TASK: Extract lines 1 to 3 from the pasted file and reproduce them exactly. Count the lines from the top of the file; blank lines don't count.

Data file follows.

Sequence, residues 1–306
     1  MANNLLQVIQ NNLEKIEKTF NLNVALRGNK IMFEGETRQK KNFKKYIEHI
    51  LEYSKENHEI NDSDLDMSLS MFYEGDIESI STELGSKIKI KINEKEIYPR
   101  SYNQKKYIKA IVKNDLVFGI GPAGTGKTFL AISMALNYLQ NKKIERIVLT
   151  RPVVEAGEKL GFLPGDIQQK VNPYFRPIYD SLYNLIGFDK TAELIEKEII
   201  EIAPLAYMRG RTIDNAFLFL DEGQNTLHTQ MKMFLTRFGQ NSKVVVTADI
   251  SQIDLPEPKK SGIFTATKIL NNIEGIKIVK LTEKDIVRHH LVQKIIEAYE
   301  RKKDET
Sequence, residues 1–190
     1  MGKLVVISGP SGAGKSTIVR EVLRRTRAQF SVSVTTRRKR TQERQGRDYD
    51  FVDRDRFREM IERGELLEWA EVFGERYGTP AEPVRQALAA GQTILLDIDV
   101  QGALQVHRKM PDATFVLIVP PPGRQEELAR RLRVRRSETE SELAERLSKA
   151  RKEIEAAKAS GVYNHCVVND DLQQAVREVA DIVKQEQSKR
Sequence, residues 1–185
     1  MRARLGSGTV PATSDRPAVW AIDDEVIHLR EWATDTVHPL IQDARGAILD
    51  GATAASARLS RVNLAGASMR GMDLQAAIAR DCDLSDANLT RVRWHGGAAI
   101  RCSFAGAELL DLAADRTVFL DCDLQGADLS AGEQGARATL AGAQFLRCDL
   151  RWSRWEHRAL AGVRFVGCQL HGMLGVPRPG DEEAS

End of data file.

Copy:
Sequence, residues 1–306
     1  MANNLLQVIQ NNLEKIEKTF NLNVALRGNK IMFEGETRQK KNFKKYIEHI
    51  LEYSKENHEI NDSDLDMSLS MFYEGDIESI STELGSKIKI KINEKEIYPR